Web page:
The results demonstrate that single frames do not reliably increase sustainable consumer behaviour. Instead, the use of two message frames is more consistently effective. However, there is some disparity in relation to the combined effects of two message frames. The research also identifies that the use of three combined message frames is underexplored in the existing literature.

Research limitations/implications

Social marketing and consumer psychology researchers have explored many types of message framing. This study focuses on three common types. Also, the review is limited to valence framing. The authors recognise that visual aspects of message frames also determine the effectiveness of messaging. Another limitation is that only empirical studies published between 2005 and 2020 were reviewed.

Originality/value

Past review papers related to the impact of messaging on sustainable consumer behaviour either focus on one type of message framing, such as the positive–negative frame, or did not categorise message framing into different types. The current review focuses on three types of message framing that have been examined separately and in combination in the literature. Based on the findings, this study proposes a synthesised theoretical framework for future research.

Details

Journal of Social Marketing, vol. ahead-of-print no. ahead-of-print
Type: Research Article
ISSN: 2042-6763

Keywords

Article
Publication date: 9 August 2022

Yongge Niu, Zhuzhu Feng and Yixuan Niu

Many companies must choose a marketing strategy to promote new products. This includes publishing digital video advertising with interactive features on the Internet…

Abstract

Purpose

Many companies must choose a marketing strategy to promote new products. This includes publishing digital video advertising with interactive features on the Internet. Guided by the attribute-framing theory, this study investigates the impact of the number of positive attribute framings (NPAF) in advertising messages on consumer responses. This study aims to check whether new products are incrementally new products (INPs) or really new products (RNPs).

Design/methodology/approach

Content analysis was conducted to identify the forms and components of attribute framing used in advertisements and consumer responses (i.e. review valence). Furthermore, this study followed an expert scoring procedure to identify product newness (INP vs. RNP). Hierarchical polynomial regression analysis was used to investigate the relationship between the NPAF, customer response and product newness.

Findings

This study has three main findings: (1) regardless of whether the new product is INP or RNP, there is an inverted U-shaped relationship between NPAF and consumer responses; (2) the inflection point of NPAF (INP) is greater than the inflection point of NPAF (RNP) and (3) the maximum value of consumer response for INP is greater than that for RNP.

Originality/value

This study sheds light on the effectiveness of attribute framing in new product advertising. Compared to previous research on attribute framing of advertising, this study is based on a realistic scenario in which multiple attributes are framed within a given advertisement copy. Furthermore, secondary data were used to test the impact of NPAF on consumer responses and further explore the effects of product newness.

Details

Journal of Research in Interactive Marketing, vol. ahead-of-print no. ahead-of-print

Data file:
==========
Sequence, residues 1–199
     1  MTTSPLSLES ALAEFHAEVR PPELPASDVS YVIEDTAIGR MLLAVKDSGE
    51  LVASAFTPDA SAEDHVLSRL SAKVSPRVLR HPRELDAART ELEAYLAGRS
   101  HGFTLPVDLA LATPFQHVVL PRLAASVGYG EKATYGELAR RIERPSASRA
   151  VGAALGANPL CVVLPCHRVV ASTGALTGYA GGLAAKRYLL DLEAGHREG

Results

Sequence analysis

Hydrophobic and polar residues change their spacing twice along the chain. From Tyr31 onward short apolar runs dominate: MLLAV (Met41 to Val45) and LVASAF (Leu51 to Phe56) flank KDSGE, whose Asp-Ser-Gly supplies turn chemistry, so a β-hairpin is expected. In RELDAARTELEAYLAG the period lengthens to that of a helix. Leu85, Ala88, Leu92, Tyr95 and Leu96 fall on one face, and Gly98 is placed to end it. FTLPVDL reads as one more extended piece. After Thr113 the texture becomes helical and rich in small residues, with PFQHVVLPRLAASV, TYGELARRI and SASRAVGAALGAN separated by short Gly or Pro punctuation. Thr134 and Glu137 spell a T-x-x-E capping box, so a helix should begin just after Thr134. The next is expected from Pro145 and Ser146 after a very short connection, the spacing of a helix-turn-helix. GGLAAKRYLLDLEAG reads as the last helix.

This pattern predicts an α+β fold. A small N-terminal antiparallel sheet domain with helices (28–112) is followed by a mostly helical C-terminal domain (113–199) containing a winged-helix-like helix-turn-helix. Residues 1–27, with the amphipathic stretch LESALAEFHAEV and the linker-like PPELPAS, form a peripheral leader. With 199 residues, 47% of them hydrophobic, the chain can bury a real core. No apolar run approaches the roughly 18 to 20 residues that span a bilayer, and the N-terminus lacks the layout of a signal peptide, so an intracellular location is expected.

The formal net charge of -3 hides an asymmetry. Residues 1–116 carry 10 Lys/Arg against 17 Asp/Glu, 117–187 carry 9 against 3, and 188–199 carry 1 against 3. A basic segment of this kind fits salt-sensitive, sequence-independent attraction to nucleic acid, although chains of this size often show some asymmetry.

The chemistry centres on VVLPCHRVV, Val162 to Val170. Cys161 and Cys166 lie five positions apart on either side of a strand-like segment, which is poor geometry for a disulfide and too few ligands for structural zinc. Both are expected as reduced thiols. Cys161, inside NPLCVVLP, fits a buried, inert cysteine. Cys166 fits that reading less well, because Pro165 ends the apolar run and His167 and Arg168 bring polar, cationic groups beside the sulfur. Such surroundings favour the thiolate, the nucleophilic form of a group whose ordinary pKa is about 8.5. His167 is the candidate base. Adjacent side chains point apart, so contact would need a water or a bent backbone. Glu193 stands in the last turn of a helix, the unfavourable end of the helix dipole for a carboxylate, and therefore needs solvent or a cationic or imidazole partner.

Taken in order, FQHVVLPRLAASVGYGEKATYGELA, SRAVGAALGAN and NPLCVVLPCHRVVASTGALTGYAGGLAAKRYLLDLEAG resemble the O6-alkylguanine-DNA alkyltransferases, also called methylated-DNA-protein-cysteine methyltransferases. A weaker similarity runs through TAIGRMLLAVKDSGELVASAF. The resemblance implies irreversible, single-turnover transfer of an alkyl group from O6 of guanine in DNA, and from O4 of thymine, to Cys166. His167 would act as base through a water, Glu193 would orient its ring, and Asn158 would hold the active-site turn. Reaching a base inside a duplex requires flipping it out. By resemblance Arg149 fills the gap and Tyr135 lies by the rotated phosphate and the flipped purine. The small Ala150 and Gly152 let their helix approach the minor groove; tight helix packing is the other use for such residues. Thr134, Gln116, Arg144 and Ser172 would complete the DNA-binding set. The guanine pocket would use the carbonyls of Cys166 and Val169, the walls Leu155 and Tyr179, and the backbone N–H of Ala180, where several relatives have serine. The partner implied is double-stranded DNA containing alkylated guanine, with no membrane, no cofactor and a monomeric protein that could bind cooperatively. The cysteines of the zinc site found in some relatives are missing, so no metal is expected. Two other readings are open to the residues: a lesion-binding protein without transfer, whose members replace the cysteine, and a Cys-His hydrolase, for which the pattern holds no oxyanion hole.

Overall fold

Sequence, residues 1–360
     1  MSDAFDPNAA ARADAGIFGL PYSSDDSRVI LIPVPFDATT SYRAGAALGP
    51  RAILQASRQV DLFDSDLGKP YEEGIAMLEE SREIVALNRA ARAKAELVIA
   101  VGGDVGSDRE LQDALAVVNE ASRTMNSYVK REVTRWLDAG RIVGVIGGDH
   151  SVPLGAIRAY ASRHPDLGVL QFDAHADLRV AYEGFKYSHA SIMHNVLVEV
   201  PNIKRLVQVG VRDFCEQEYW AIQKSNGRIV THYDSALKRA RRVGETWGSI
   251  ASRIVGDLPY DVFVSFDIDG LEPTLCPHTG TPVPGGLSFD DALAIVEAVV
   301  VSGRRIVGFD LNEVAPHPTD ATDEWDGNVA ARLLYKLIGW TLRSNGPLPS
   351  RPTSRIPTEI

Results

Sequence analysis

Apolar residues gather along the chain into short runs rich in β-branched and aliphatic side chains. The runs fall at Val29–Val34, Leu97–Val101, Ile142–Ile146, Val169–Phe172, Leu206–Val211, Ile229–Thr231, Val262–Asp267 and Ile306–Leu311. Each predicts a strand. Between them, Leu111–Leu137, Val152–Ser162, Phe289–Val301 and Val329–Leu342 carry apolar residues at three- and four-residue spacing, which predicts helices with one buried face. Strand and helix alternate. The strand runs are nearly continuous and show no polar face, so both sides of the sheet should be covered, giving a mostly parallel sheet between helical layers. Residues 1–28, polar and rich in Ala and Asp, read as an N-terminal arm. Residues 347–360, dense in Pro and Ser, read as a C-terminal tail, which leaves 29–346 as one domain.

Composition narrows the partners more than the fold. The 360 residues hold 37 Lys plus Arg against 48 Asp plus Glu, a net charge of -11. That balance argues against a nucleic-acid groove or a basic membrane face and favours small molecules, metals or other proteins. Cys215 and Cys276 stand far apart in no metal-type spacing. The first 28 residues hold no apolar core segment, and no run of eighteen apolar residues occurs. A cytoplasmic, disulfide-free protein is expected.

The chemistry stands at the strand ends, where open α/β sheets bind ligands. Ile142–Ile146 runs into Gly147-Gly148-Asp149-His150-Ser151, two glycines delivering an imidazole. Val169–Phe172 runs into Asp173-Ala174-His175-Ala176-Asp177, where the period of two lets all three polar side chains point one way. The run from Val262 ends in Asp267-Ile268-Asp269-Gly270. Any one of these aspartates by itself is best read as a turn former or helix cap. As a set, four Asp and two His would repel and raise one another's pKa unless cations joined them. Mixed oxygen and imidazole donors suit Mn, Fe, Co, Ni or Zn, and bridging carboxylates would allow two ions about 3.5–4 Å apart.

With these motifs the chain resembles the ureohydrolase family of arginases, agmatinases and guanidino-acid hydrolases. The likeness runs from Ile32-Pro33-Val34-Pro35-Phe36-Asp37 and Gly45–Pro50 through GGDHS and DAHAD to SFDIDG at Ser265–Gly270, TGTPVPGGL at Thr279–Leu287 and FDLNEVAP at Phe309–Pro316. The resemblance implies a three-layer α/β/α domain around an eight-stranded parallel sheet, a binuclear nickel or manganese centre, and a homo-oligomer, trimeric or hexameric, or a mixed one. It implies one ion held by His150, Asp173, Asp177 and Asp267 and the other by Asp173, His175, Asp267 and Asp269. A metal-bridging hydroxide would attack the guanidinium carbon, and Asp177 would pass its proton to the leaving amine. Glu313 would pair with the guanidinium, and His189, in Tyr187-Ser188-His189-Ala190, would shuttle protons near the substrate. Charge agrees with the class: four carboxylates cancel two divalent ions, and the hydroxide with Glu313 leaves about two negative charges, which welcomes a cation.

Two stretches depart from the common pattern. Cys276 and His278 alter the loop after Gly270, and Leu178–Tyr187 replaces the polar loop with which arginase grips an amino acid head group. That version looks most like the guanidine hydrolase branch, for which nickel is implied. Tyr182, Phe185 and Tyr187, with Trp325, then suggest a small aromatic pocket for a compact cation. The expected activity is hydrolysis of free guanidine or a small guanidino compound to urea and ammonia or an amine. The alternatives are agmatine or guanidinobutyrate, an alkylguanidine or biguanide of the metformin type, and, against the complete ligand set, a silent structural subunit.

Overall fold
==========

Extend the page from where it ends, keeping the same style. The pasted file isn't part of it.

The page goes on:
Type: Research Article
ISSN: 2040-7122

Keywords

Article
Publication date: 1 June 2001

Irwin P. Levin, Gary J. Gaeth, Felicitas Evangelista, Gerald Albaum and Judy Schreiber

Cites the existence of information framing effects as an interesting phenomenon in the area of human judgements and decision‐making. Uses three distinct types of framing

957

Abstract

Cites the existence of information framing effects as an interesting phenomenon in the area of human judgements and decision‐making. Uses three distinct types of framing effect and the hypothesis identified by Leven et al (1998). Studies the reliability of these effects across samples of subjects in the USA and Australia. Shows that, for two of the three types, attribute framing and risky choice framing, the effects were strong and almost identical in the two samples. Highlights a significant effect for the US sample, but not the Australian sample, for the third type, goal framing. Discusses results in terms of the reliability of the effects and their potential for revealing cross‐cultural differences in values.

Details

Asia Pacific Journal of Marketing and Logistics, vol. 13 no. 2
Type: Research Article
ISSN: 1355-5855

Keywords

Book part
Publication date: 27 November 2018

Yuliya Snihur, Llewellyn D. W. Thomas and Robert A. Burgelman

Despite increasing interest in business model innovation (BMI), there is only limited scholarship that examines how business model (BM) innovators present and explain…

Abstract

Despite increasing interest in business model innovation (BMI), there is only limited scholarship that examines how business model (BM) innovators present and explain their innovations to various stakeholders. As BMI often involves the creation of a new ecosystem, understanding how innovators can gain support of future ecosystem members is important. Based on a longitudinal case study of Salesforce, a pioneer in cloud computing, the authors show how the innovator’s skillful framing to different audiences fosters the emergence of an ecosystem around the new BM. The authors suggest that effective framing constitutes an important strategic process that enables BM innovators to shape new ecosystems due to the performative power of words.